In a future where foundational work is automated, how will we build careers?
Cognitive automation is coming!
As explained by thought leaders—including KPMG’s Robert Bolton—we are currently on the cusp of a fourth great change in the world’s workplace. Whereas once we were able to automate only repetitive mechanical tasks, we are now able to produce software that automates more complicated intellectual tasks such as data analysis and even customer interaction, freeing up the humans behind those jobs to – ideally - focus on innovation. Automation of these basic works tasks is not new – think ATM machines, airport kiosks and various forms online banking and shopping – but the pace of automation has accelterated greatly over the past few years due to advances in computing power and the proliferation of online data to leverage.
For many industries, however, there remains a curious dilemma. Those repetitive tasks that will soon become part and parcel of a robotic worker’s duties actually have traditionally had tremendous value for the people who have to do them at the beginning of their careers.
Take, for example, the audit profession. Entry-level auditors are often given repetitive work like reviewing transactions. Though many would see this as passing rote and repetitive tasks down the chain to the junior members of the team, these jobs actually serve a valuable purpose. Through reviewing those transactions, a keen auditor can learn best practices for organizations and their reporting methods. They can learn real-world applications of things they’ve thus far only read in books. Most importantly, however, they can gain valuable experience that can make them more attractive in the future of their career.
In a future where that learning is no longer a direct part of the job, where will it come from? More importantly, where will the “entry level” be for young workers and how will they gain the skills and experience to advance into more senior positions and into management?
These challenges are not as new as they may seem. There has long been an argument against outsourcing, especially offshore, of service jobs from the perspective that if most entry level work in, for example the IT or finance groups, is done offshore, how will those onshore employees learn the skills to move into management? This has proved challenging from a variety of perspectives but most organizations have been able to overcome them by using a variety of techniques such as better collaboration between on and offshore staff, putting limits on what goes offshore, and trusting (and verifying) that the offshore work is being done correctly and leaving onshore resources to focus on more strategic activities.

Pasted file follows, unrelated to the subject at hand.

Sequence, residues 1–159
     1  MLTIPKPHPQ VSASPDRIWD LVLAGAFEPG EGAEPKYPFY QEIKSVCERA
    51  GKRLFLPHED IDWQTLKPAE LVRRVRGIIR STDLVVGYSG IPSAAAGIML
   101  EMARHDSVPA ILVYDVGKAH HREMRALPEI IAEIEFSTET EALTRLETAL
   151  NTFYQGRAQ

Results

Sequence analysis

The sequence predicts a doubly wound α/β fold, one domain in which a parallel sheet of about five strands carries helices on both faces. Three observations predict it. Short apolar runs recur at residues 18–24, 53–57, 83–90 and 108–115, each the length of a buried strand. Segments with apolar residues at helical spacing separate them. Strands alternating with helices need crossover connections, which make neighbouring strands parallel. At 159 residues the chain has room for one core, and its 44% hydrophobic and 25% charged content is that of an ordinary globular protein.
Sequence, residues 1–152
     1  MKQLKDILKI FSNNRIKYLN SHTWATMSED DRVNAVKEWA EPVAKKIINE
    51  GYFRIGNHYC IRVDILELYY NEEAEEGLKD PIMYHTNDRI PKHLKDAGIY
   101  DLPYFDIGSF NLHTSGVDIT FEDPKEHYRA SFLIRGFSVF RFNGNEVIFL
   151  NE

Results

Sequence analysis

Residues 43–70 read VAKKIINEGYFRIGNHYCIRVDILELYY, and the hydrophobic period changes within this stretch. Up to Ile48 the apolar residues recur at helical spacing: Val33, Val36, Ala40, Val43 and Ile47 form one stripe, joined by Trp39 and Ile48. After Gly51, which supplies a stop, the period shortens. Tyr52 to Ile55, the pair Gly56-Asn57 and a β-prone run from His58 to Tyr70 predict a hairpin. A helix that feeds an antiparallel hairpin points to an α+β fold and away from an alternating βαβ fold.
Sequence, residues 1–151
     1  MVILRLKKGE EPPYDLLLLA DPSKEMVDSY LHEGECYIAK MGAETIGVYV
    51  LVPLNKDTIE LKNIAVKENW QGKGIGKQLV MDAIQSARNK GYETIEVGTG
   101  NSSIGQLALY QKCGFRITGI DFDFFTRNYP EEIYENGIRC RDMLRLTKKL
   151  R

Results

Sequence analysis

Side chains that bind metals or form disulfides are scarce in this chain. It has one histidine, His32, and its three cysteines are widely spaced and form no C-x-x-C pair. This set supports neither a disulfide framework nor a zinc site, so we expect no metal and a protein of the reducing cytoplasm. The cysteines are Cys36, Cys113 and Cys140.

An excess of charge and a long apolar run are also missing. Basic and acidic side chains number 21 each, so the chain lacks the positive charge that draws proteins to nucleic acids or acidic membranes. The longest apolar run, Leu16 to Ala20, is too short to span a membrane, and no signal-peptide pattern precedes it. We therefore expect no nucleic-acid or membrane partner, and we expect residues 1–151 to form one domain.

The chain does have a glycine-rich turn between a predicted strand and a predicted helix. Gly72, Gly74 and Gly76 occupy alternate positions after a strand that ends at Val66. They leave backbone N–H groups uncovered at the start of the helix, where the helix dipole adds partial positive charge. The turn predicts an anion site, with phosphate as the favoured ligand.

Interestingly, answering those questions when it comes to automation requires a bit of speculation about what kind of jobs will be created in this new world of automation. “Bots,” as we call them colloquially, will be able to do many of the things that we consider time consuming and repetitive, but the one thing they will not be able to do, at least well, is supervise other bots. Organizations—whether in auditing or any other specialty—will need to create jobs centered around ensuring that bots are working effectively. That oversight will require two different skillsets: the first is managing the bots, but the second is actually knowing what they’re doing to verify that they’re doing it correctly. There are also opportunities to build software bots but this will quickly become a highly commoditized activity in most cases and mirgrate to low cost markets.
Unlike supervising people, supervising a bot is more about managing outcomes than managing the process. It won’t, for example, require knowing the intricacies of programming the bots, but it will require learning the technology required to direct them. Luckily, this software already exists, and with drag-and-drop functionality, it’s already intuitive even for first-time users.
There are several outcomes that will need to be monitored. The first, and most obvious, is the work itself. At a low level, if you’re auditing transactions and the results being presented by your bots don’t make sense, there is clearly something going wrong in the workflow. But checking each output could be almost as consuming as just having a human worker do the actual work. That’s why bots are equipped with secondary processes that check for errors. In the event of something not adding up, a Bot Boss will be required to look into it.
But this new entry-level position still requires an in-depth knowledge of those best-practices. There will need to be better and more structured on-the-job training. But where else will our new employees learn them? As with many other social phenomena, the answer is more simple than we think: they’ll learn them in schools, universities and through specialized traning programs.
University programs are never static. Curricula change every year—every semester even—based on new insights into various fields of study. There will be much more reliance in the future to provide students with valuable training in practical tasks that replace the on-the-job training they would otherwise have had in the first formative years of their careers. There are many challenges to this route that will need to be overcome, however, such as the high-cost of post secondary education in markets such as the United States, weak primary and secondary educational systems that do not prepare students for more advanced learning, and in some markets, little or no access to quality educational services.
These changes will not be easy or quick, nor should they be. This is the fourth major industrial revolution, and with each of history’s other leaps forward in mechanization, we are poised to have a lot to learn.
But we shouldn’t be afraid, either.